Lady Marilyn pointed out that Jason Isbell has a role in the upcoming Killers of the Flower Moon. So does Sturgill Simpson. Scorsese is tapping a couple of luminaries of Americana music. The film — which clocks in at a whopping 3-1/2 hours — appears to be a worthy one. Reports from Cannes depict a rhapsodic response. A 9-minute standing ovation is a pretty good bellwether.
Marilyn also scored tickets for Jason Isbell and the 400 Unit in Bend this summer.
I’ve always respected Isbell as a songwriter, but we really connected with his music a couple of years ago at the Under the Big Sky Festival in Whitefish, Montana. He headlined Saturday night, and it was mighty stirring. A couple of songs really hit home:
Colm McGuiness goes metal on the great Stan Rogers song…
There’s been a shift in podcast plans, which I recently shared with Patreon supporters. I was startled to realize that we’re fast approaching the centennial of the assassination of Gen. Francisco Villa in Parral, Durango, Mexico. Damn — I HAVE to cover that. I cranked the wheel over hard and hit the dark desert highway toward the border. Chihuahua, Durango, Sonora.
The Mexican Revolution of 1910-20 has been a primary field of Frontier Partisan studies. Several of the most important (and certainly the most picturesque) leaders of the Mexican Revolution were Frontier Partisans by heritage, occupation and temperament. As Pancho Villa hinmself told General Felipe Angeles when he was forced to return to guerrilla warfare after a series of crushing battlefiled defeats in 1915:
“Cowboys we are, and cowboys we shall always be.”
Tom Russell cribbed that line for his song Hair-Trigger Heart.
I strongly considered launching the Frontier Partisans Podcast with a MexRev series, but I swerved away because Mike Duncan’s sublime Revolutions podcast had already stormed the field. I ended up going with Kit Carson, and that was the right choice.
However… I knew I would return to the subject when I had some podcasting experience under my belt, and a good plan for a format that suits FP and doesn’t try to duplicate Duncan’s work. Now’s the time.
So, here’s the caper: A multi-part series of biographies of three key figures who embody the Frontier Partisan Mexican Revolutionary — Pascual Orozco, Emiliano Zapata, and Villa. Each of these men was a master of the fundamental skill set of the Frontier Partisan: they were ace horsemen; crack shots; masters of terrain and topography; bold and capable tacticians; tough, brave and often ruthless.
The series will culminate on July 20, the anniversary of Villa’s death.
I will, of course, return to plans to profile the great hunter and OG Mountain Man George Drouillard, and we’ll soon enough find ourselves back on the contested New England frontier. But there was no way I could let this centennial pass without going big on the bandits-turned-revolutionaries of the MexRev.
There are few eras and events more compelling than the Mexican Revolution. The collision of the Old West and the early 20th Century modern world makes for a material culture and aesthetic that has tripped triggers from Sam Peckinpah’s The Wild Bunch to the videogame Red Dead Redemption.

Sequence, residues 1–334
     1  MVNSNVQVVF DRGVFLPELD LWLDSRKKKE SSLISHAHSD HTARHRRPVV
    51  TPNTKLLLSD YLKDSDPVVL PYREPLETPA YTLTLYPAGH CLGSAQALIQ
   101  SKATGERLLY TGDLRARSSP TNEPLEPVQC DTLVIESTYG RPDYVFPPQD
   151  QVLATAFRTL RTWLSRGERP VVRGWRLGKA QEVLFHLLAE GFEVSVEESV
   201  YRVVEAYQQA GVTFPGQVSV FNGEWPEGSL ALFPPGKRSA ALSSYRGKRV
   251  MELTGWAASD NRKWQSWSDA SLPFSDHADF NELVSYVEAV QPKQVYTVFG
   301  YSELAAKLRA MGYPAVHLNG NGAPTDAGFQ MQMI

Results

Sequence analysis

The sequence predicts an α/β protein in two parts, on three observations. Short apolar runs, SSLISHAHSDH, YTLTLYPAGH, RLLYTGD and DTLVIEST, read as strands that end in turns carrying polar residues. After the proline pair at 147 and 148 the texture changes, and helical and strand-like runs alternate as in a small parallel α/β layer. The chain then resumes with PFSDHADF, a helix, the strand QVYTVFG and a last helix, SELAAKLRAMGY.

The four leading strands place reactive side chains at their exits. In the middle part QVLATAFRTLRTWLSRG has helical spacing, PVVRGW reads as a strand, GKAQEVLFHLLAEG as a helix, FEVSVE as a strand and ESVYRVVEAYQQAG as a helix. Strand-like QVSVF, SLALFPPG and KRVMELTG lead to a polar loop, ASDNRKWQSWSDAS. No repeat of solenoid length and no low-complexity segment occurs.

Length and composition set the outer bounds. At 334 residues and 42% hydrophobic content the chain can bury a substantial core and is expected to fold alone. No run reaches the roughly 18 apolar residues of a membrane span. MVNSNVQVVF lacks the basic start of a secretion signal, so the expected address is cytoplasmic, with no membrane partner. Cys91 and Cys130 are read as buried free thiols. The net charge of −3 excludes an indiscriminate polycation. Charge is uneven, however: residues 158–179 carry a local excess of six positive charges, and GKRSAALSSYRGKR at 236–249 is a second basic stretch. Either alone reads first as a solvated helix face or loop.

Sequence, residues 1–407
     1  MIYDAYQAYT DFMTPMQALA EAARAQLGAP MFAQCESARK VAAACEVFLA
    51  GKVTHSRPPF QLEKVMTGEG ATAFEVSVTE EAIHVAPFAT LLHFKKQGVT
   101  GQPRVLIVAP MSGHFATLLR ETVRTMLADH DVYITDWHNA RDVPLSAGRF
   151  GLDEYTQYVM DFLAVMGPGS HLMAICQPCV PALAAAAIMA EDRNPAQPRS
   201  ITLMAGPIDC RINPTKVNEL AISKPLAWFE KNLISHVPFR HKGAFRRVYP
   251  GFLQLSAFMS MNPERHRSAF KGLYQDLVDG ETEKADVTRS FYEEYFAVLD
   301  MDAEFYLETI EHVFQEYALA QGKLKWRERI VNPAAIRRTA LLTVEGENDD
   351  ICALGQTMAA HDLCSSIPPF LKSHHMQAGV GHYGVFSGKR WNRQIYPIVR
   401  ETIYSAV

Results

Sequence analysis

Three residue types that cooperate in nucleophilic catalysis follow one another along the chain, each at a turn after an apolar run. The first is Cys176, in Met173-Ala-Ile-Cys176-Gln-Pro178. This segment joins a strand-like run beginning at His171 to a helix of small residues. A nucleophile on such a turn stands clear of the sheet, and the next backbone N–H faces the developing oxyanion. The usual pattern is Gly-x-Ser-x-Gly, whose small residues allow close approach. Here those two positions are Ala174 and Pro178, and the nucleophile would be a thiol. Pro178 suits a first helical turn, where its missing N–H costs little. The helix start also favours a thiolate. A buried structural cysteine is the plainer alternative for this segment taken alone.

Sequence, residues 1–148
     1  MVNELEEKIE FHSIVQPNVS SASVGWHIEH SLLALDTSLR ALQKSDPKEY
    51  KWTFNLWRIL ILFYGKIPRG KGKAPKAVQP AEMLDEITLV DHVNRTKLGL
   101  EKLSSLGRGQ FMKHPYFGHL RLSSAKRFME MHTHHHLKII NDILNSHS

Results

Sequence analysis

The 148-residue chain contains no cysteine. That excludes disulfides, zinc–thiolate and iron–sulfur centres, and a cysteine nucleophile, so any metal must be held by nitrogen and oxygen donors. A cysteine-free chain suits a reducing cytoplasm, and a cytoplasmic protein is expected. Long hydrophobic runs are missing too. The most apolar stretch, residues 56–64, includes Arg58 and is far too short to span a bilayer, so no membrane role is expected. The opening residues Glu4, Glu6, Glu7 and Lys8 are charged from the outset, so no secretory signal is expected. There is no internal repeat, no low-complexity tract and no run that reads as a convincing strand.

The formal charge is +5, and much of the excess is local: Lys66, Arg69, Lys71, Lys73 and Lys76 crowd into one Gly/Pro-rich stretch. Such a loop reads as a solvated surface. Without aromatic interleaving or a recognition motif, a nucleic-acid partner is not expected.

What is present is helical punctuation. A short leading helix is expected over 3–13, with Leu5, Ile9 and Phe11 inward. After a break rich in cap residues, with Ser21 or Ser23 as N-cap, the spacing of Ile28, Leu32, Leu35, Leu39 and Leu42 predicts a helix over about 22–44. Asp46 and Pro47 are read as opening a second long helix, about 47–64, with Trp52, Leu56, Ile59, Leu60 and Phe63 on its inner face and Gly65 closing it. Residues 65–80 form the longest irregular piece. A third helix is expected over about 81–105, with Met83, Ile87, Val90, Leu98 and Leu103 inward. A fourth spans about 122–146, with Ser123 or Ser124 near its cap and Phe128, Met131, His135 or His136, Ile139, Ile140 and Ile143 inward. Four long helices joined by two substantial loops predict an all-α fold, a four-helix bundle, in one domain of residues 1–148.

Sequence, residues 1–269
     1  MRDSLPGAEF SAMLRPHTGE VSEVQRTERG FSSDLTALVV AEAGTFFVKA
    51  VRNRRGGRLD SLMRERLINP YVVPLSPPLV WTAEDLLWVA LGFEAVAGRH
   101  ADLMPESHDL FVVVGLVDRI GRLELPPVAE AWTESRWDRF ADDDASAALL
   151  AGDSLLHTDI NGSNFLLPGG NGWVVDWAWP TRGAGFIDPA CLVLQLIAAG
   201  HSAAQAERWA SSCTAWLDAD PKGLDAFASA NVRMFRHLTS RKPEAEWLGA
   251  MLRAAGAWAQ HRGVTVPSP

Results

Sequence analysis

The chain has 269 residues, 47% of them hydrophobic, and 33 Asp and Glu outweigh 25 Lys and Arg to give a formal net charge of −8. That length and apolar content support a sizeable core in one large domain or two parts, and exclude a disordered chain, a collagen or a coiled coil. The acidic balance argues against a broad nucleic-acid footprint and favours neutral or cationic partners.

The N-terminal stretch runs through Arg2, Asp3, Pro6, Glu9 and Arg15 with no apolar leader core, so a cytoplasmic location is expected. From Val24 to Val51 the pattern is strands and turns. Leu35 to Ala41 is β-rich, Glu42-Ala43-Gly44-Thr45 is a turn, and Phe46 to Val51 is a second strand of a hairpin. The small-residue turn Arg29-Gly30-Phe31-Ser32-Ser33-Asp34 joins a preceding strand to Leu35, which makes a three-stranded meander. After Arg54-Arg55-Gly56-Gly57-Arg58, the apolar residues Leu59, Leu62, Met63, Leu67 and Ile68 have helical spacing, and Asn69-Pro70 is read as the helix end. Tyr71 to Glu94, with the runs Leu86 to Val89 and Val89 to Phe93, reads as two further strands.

I have annoyed my fantasy-loving friends for years by telling them that the Mexican game of thrones is a FAR better yarn than George RR Martin’s quasi-medieval epic. There simply is not a game of thrones to be found that offers more intrigue, betrayal, conspiracy, violence and colorful characters. And it all actually happened. Virtually every key man in the MexRev died violently, and the aftershocks of that earthquake are still being felt today.
I’m really excited to finally dig into this — and I hope you are, too.
What is this Patreon thing? Glad you asked. As the outfit itself says:
Patreon is a way to join your favorite creator’s community and pay them for making the stuff you love.
There are three tiers at Frontier Partisans Patreon: Scout ($5/month); Partisan ($10/month); and Captain ($20/month). The plews provided by our Patrons cover hosting fees for this site and the podcast, and help fund research materials. The Patrons really help keep this electronic campfire going, and I prefer to get support his way than adding ads to the podcast and suchlike. And occasionally we do a drawing for a reward. This month, Harry Keizer got himself a copy of John Mack Faragher’s Eternity Street: Violence and Justice in Frontier Los Angeles.
It don’t cost much, and the support is greatly valued. If you feel so inclined, you can join the outfit here:
An annual native buffalo hunt designed to cull the Yellowstone herd population and prevent its migration into Montana cattle graving lands has become controversial. Per Bozeman Daily Chronicle:
This winter marked one of the deadliest on record for Yellowstone bison as the decades-long debate on how to best manage the animal rages on.
During the coldest months of the year, tribal and state hunters stake out Yellowstone National Park boundaries, waiting for bison to cross a barrier they can’t see. Most of the hunt occurs outside the park near Gardiner at Beattie Gulch, where the bison naturally funnel as they leave the park in search of food.
This season, the hunt left 1,139 bison dead. Park employees removed 374 animals from the population as well. Eighty-eight were sent to slaughter, four died in captivity and 282 entered in the burgeoning bison conservation transfer program, which returns brucellosis-free bison to tribes around the country.